Ascitic fluid/free fluid in peritoneal cavity - detection and paracentesis
  4. Assessment of patient with undifferentiated shock (laboratory session)
    RUSH protocol: rapid ultrasound for shock/hypotension—assess LV function, rule out pericardial effusion/tamponade, assess for RV strain from pulmonary embolus (PE), volume status from IVC size and dynamics, scan abdomen and pelvis for free fluid, assess lungs for pneumothorax and pulmonary edema, assess aorta for rupture, assess femoral vein for DVT
  5. Ultrasound OSCE
    Ultrasound OSCE station as part of an end-of-year comprehensive clinical skills OSCE. Each student conducts a focused history and physical examination on a standardized patients with one of three possible clinical scenarios then performs two corresponding ultrasound examinations: urinary bladder and abdominal aorta, renal/diaphragm and thyroid, cardiac and femoral vein
 Spring semester—in conjunction with pathology
  Ultrasound images incorporated into lectures and small group clinicopathologic sessions to demonstrate pathologic and ultrasound correlates and enhance the transfer of pathology knowledge to the clinical diagnostic arena—many topics and images
 Spring semester—in conjunction with introduction to clinical medicine
  Problem Based Learning ( small group discussion)—ultrasound relevant cases such as pregnancy with heart failure due to rheumatic heart disease—ECHO with mitral stenosis, chamber enlargement and “hockey-stick” mitral valve leaflet, lung ultrasound with B lines, fetal ultrasound
Open ultrasound labs
 During the first two years (M1 and M2) open laboratory sessions are held weekly during a time when no other classes are scheduled. Students are encouraged to come in pairs or small groups and practice their ultrasound skills on each other. At least one ultrasound faculty member is available to help with scanning and answer questions
Third year (M3)
 Clinical Rotations include clerkship specific ultrasound instruction—internal medicine, family medicine, pediatrics, surgery, obstetrics and gynecology. Instructional methods include image review sessions, bedside ultrasound rounds, independent and supervised patient scanning, simulation center ultrasound sessions, Ultrasound Institute scanning sessions, specialty and subspecialty ultrasound observation
  Objective structured clinical examinations (OSCE) are administered at the end of the clerkship—below are some of the OSCEs that have been used over the nine years
   1. Internal medicine
    Thyroid ultrasound—patient with a “lump in the neck”, after the focused history and physical exam, each student must properly scan the thyroid and identify and measure a thyroid cyst
    Septic patient who needs central line placement for intravenous access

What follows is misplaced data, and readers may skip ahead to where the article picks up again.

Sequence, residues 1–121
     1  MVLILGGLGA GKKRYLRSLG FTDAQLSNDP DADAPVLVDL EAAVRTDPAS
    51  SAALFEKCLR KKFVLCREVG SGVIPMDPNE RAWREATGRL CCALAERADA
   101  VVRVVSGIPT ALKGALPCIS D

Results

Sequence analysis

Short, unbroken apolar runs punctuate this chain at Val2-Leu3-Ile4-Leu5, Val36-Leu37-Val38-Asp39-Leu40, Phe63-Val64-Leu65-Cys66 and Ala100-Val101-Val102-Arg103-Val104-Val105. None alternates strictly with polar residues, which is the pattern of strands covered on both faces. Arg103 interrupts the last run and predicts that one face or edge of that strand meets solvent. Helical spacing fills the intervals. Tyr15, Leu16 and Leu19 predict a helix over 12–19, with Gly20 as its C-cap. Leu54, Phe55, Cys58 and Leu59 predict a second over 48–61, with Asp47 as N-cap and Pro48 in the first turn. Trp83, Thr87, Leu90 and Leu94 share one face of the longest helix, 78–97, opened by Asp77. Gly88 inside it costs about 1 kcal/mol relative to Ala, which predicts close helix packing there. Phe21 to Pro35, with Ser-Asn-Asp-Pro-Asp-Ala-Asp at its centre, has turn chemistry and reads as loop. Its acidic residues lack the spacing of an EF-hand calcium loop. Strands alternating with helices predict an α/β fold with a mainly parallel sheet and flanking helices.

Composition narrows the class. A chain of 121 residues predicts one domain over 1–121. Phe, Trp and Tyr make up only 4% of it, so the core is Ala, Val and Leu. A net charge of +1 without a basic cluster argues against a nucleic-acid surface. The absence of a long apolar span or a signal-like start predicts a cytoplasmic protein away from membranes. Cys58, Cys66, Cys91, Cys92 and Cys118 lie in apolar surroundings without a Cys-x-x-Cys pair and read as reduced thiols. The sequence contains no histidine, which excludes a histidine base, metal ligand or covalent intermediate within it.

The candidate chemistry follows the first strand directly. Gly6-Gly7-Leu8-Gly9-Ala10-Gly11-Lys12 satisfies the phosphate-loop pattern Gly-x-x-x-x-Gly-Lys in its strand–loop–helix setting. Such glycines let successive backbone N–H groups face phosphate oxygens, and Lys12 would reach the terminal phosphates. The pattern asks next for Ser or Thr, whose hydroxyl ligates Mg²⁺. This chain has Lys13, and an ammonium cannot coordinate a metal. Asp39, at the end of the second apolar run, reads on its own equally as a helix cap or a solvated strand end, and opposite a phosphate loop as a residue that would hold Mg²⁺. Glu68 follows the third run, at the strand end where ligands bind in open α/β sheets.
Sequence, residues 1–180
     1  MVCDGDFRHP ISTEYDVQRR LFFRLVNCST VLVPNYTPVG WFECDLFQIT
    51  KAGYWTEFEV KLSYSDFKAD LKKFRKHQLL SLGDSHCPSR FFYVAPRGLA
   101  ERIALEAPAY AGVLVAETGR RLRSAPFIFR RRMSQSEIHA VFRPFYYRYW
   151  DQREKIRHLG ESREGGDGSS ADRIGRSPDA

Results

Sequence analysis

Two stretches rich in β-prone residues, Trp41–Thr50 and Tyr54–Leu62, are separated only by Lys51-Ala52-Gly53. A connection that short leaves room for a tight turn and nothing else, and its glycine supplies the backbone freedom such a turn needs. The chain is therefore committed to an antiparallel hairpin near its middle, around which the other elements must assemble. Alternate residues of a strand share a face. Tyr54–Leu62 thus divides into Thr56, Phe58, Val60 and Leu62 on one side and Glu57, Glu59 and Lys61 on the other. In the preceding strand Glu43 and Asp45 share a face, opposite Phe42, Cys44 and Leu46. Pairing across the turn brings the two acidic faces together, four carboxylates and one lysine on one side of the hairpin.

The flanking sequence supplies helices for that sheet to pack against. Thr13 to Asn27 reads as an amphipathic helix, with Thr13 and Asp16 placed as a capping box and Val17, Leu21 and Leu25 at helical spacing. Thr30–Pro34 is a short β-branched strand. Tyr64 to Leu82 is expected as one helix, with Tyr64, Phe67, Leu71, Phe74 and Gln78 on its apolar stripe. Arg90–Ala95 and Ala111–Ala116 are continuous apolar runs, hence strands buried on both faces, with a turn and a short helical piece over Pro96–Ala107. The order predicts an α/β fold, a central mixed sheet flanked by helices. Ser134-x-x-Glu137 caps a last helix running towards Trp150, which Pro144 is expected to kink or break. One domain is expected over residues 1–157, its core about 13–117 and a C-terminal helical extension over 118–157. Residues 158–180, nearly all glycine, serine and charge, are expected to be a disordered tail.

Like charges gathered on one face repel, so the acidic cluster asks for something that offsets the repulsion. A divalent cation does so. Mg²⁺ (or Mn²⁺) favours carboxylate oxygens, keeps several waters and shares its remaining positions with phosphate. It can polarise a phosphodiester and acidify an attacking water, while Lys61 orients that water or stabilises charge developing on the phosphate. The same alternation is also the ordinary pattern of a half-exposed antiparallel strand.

2. Family and preventive medicine
    Abdominal aortic aneurysm (AAA) screen—elderly patient with risk factors for AAA, student must discuss the procedure with the patient, perform the ultrasound examination, discuss results, and educate the patient about AAA
    Musculoskeletal ultrasound in a patient with joint pain
   3. OB/GYN
    Two OSCE stations with previously captured images of findings that were covered with students during the rotation in observational and hands-on ultrasound learning sessions
    OB ultrasound exam—patient is 27 weeks pregnant with a history of vaginal bleeding, student must perform an obstetrical ultrasound and determine fetal number, heart rate, placental location, and fetal position
   4. Pediatrics
    Assess soccer player who has “passed out twice during practice”—PLAX view with appropriate measurements for assessment of hypertrophic cardiomyopathy
    Assess volume status/dehydration—9 year old with history of nausea/vomiting and poor oral intake, student must assess volume status using the aorta/inferior vena cava ratio
    Interpretation of lung ultrasounds of a case of bacterial pneumonia with air bronchograms and pleural effusion
   5. Surgery
    Assess a trauma patient using the FAST exam (focused abdominal sonography for trauma)—each student must scan a patient for trauma and demonstrate Morison’s pouch, spleen/kidney interface, urinary bladder, sub-xiphoid view of the heart
  One-week M3 selectives
   Emergency medicine—supervised instruction and scanning of important emergency medicine ultrasound protocols, image review sessions, online emergency medicine ultrasound learning modules
   Critical care medicine—supervised instruction and scanning in the intensive care unit for assessment of volume status, heart function, pneumothorax, and other important critical care scans
  Ultrasound pocket devices on primary care clerkships (internal medicine, family medicine, pediatrics)
   While on primary care clerkships students are issued pocket ultrasound devices for use and are encouraged to capture images from the heart, abdomen, and pelvis for submission and review at the end of the rotation
  Ultrasound M3 Gate OSCE
   All students at the end of the M3 year are required to complete a Gate OSCE that assessing a student’s readiness to progress to the M4 year. An ultrasound station is included
   Assessment includes capturing a PLAX view of the heart and a longitudinal view of the inferior vena cava with a pocket ultrasound device to assess for heart function and volume status
  Students must evaluate cardiac and IVC ultrasound loops on a laptop computer for overall heart function, pericardial effusion, and volume status
Fourth year (M4)
 Four week emergency medicine ultrasound elective—online emergency medicine ultrasound learning modules, supervised instruction and scanning of emergency medicine patients and image review, a minimum of 10 eFAST examinations is required
 Traditional Radiology elective with and ultrasound component that includes ultrasound learning modules, image review and “hands-on” ultrasound sessions focused primarily on guided procedure skill development
 Ultrasound independent study month—work with ultrasound faculty and fellows to expand knowledge and skill in ultrasound. Includes scanning and ultrasound simulation, assisting with M1 and M2 ultrasound labs, participating in original research, and preparation of a 30 minute presentation on a ultrasound topic of their choosing
 Two day capstone ultrasound course offered at the end of the 4th year—stresses ultrasound skills most important for students as they prepare for internship (ultrasound guided procedures, FAST exam, RUSH exam, lung ultrasound and soft tissue ultrasound to differentiate abscess and cellulitis)
 M4 acting internships—students on acting internships have been offered pocket ultrasound devices when available